What happened when Facebook hit the scene? In hopes of becoming Internet on Internet, it did exactly the opposite – it centralized all the services and locked its users within the walled gardens. It was good for members in a way, providing a do-all one-stop. But it also meant that they always had to go to Facebook for all their data, once they were out of it, they were empty handed.
So what does Google do now? Google tried to revive Orkut by aping Facebook, but now it is targetting Facebook’s weakest point, its friction with the service providers. OpenSocial, soon-to-go-live Google’s new API set, lets you develop applications for all the member social networks.
In a nutshell, it is infrastructure for all the other social networks. TechCrunch has more details about what entails in using OpenSocial. Google can now position social networks like Orkut, LinkedIn, Ning and many others against Facebook and MySpace. Also, with its non-proprietary technology, it might appeal more to the service providers. In fact, there are already favorable reviews from some.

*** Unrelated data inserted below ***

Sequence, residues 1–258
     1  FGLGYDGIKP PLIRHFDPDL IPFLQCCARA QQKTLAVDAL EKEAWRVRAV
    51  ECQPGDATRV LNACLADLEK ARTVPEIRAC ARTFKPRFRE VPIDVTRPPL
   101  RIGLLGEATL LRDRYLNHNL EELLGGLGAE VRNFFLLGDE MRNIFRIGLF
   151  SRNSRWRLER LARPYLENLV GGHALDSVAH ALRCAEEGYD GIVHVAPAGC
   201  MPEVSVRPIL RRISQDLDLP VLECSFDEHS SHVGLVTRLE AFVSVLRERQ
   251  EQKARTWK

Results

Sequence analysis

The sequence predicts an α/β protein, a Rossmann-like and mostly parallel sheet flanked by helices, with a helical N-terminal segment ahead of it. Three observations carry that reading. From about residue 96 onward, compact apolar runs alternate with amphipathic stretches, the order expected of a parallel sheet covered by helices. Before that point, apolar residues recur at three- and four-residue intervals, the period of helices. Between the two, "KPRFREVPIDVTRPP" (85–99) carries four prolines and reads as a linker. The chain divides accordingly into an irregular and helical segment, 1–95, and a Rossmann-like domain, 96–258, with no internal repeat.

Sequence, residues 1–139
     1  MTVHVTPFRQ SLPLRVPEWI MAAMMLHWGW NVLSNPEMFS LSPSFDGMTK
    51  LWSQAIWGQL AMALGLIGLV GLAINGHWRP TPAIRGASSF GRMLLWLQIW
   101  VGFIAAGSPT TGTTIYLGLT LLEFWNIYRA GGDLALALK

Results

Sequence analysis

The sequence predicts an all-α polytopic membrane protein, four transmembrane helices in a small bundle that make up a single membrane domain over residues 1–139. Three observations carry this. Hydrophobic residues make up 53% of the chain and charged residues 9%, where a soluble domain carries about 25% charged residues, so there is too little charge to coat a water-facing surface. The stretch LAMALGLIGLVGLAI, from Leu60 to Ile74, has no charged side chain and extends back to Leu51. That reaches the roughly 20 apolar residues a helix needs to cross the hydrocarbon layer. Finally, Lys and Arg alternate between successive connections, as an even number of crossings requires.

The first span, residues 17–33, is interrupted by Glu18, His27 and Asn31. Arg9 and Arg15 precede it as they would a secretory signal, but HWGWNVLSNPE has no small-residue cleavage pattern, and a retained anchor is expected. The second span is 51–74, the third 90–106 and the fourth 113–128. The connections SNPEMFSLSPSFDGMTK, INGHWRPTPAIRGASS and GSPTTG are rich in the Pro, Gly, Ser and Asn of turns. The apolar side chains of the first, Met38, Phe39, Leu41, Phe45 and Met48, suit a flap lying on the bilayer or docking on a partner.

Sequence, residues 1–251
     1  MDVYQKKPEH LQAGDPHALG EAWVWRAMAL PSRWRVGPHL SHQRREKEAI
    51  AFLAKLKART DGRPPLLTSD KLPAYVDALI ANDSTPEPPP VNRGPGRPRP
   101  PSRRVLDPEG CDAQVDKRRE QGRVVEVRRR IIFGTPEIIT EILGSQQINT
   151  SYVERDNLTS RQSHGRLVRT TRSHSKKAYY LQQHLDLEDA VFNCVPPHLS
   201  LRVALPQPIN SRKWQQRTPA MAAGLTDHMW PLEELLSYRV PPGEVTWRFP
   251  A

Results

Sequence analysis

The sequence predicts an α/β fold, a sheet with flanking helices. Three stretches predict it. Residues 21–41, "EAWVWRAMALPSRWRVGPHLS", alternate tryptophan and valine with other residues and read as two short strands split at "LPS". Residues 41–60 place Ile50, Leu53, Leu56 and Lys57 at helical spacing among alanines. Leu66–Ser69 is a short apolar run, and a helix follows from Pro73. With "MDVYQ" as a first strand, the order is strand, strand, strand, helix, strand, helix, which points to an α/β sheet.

Of course the community strength will play a very strong role to make one of these dominant. While Facebook and MySpace might be popular in US, I wonder if the collection of rest of the social networks might beat them elsewhere. Unfortunately this can only be speculation, nothing more than that.
Another point to consider is interoperability. While most of the talk with OpenSocial is about treating the developers better, I cannot help but wonder if it will also add a bit of interoperability between those social networks. It might not be an open protocol, but if the social networks do share the profile data and the friends, this platform can be the channel to carry it with you wherever you go. While Facebook asks you to come to one place for all your data, this might enable you to carry the data wherever you go. It will be interesting to see which one catches up.